decided: December 6, 1974.
COMMONWEALTH OF PENNSYLVANIA, DEPARTMENT OF TRANSPORTATION, APPELLANT,
SECURDA & COMPANY, INC., APPELLEE
Appeal from the Order of the Court of Common Pleas of Berks County in case of Securda & Company, Inc. v. Commonwealth of Pennsylvania, Department of Transportation, No. 81 May Term, 1973.
Lawrence R. Weider, Assistant Attorney General, with him Robert W. Cunliffe, Deputy Attorney General, and Israel Packel, Attorney General, for appellant.
Alan I. Baskin, with him Baskin, Mendelsohn & Leisawitz, for appellee.
Judges Crumlish, Jr., Wilkinson, Jr. and Rogers, sitting as a panel of three. Opinion by Judge Crumlish, Jr.
[ 16 Pa. Commw. Page 41]
The Court of Common Pleas of Berks County dismissed preliminary objections of the Commonwealth of Pennsylvania, Department of Transportation (Commonwealth)
[ 16 Pa. Commw. Page 42]
to a petition for the appointment of viewers filed by Securda & Company, Inc. (Securda). The Commonwealth appeals the decision to us.
On February 19, 1969, the Commonwealth filed a plan in the Office of the Recorder of Deeds in Berks County demarcating the right-of-way lines for that portion of Legislative Route 1075 passing through Berks County. Pursuant to this plan, the Commonwealth purchased or, where necessary, condemned all properties totally within the right-of-way lines, but postponed acquisition of those properties partially within the right-of-way lines pending approval of the final design plans by the Governor. Securda is the owner of property plotted as vacant building lots partially within the recorded right-of-way lines in a portion of Spring Township, Berks County, known as "Lincoln Park, Third Addition." On April 11, 1973, Securda filed a petition for the appointment of a board of view in the court below averring that the Commonwealth had formally condemned those portions of its property totally within the aforesaid right-of-way lines, but had not taken adjoining portions of its property not wholly within the lines, and had therefore effected a "de facto taking" of the latter property. The Commonwealth filed preliminary objections to the petition on the grounds that (1) it fails to aver that a declaration of taking was filed, (2) it fails to set forth the date of the alleged taking or the manner in which the property was taken, (3) it fails to set forth any facts which would entitle Securda to consequential damages, (4) it fails to set forth a cause of action under the Eminent Domain Code, and (5) that the board of viewers does not have jurisdiction. Following the filing of an answer by Securda, the parties entered into a stipulation of facts incorporating the related factual posture, and the Commonwealth further stipulated that it "shall acquire some of the Securda & Co., Inc. properties shown on the plan of Lincoln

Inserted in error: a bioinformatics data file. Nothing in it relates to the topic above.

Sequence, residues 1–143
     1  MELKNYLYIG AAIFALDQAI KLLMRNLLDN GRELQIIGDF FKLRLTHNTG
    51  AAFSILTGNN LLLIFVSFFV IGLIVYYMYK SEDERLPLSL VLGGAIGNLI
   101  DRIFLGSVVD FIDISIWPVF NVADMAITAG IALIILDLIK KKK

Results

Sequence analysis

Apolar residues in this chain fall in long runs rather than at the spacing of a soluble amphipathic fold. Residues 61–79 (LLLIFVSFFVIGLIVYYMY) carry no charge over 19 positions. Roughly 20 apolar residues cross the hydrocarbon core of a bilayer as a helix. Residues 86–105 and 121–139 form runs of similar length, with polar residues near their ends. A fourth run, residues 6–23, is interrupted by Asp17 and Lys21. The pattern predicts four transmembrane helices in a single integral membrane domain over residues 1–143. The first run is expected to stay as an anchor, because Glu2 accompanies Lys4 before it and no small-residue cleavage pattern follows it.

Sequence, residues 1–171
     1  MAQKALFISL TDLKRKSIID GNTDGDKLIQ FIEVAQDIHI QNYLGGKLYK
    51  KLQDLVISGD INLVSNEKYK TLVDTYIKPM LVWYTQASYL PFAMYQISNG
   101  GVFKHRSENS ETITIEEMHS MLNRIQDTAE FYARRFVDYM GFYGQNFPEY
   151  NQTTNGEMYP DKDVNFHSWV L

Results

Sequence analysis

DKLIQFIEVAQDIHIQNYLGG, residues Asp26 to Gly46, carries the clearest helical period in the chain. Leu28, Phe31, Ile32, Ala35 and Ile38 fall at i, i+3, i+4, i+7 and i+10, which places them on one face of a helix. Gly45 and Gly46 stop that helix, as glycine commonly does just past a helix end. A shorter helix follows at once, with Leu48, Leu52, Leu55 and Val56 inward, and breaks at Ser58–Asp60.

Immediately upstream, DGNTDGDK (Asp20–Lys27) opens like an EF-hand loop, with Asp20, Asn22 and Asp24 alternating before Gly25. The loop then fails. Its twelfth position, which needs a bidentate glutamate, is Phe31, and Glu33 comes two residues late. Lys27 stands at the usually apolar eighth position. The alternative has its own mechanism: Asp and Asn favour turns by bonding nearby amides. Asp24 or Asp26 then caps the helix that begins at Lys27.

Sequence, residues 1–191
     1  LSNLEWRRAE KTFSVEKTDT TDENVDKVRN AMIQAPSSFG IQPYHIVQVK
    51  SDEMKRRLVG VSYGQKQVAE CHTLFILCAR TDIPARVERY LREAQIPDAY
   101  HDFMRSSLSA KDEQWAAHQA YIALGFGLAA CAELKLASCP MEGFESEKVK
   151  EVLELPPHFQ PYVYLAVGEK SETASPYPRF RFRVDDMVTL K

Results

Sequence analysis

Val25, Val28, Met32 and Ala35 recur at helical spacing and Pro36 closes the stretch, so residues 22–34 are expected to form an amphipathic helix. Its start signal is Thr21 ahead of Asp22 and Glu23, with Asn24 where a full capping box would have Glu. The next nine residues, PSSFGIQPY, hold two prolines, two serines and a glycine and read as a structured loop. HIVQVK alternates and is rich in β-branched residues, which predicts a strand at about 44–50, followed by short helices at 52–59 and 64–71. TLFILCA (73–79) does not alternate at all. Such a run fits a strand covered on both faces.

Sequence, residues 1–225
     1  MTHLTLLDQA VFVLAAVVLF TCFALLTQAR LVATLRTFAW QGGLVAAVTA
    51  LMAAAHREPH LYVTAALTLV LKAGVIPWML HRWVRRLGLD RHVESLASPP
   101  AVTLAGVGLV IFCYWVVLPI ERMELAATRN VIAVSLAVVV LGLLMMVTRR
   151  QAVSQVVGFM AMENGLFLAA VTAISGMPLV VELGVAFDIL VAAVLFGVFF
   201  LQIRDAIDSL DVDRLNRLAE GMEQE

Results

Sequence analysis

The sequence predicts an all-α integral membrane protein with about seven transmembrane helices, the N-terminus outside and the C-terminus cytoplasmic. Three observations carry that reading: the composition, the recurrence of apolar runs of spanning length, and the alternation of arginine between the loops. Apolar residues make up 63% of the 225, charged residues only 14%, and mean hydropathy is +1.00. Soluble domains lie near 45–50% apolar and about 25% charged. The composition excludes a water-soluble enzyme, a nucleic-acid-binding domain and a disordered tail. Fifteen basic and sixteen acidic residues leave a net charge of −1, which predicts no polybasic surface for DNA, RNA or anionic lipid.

[ 16 Pa. Commw. Page 43]
Park, 3rd edition . . . within the . . . right-of-way lines, and such additional property of condemnee as they [Commonwealth] may determine their needs to be." Upon a consideration of these averments and the facts stipulated to, the court below dismissed the preliminary objections. We reverse.
The issue before us is whether the averments of Securda's petition for the appointment of viewers, admitting as true all well pleaded facts but not conclusions of law, states a cause of action for a compensable injury by reason of a "de facto taking."
[ 16 Pa. Commw. Page 44]
The concept of a "de facto taking" was recognized by the Legislature in the enactment of Section 502(e) of the Eminent Domain Code of 1964*fn1 which provides in part: "If there has been a compensable injury suffered and no declaration of taking therefor has been filed, a condemnee may file a petition for the appointment of viewers . . . ." Such a taking occurs "when the entity clothed with the power of eminent domain substantially deprives an owner of the beneficial use and enjoyment of his property." Griggs v. Allegheny County, 402 Pa. 411, 414, 168 A.2d 123, 124 (1961), rev'd, 369 U.S. 84 (1962). This Court has recognized that the concept of a "de facto taking" is "responsive to the reality that activities carried on incident to massive, complex and time consuming programs launched by government to solve some of the acute problems that beset our society may so substantially interfere with one's use and enjoyment of his property as to constitute a compensable injury in a constitutional sense or as being within applicable statutory law, even though the power of eminent domain has not been formally exercised against the property in question and there has been no physical intrusion of it." (Emphasis in original.) Hazleton Redevelopment Page 44} Authority v. Hudock, 2 Pa. Commonwealth Ct. 670, 675, 281 A.2d 914, 917 (1971). There we held, however, that the approval and funding of an urban renewal program, coupled with notices and negotiations with affected property owners, and the amicable acquisition of other properties in the designated area did not constitute a "de facto taking." See also, County of Allegheny v. The Church of Jesus Christ, 14 Pa. Commonwealth Ct. 510, 322 A.2d 803 (1974).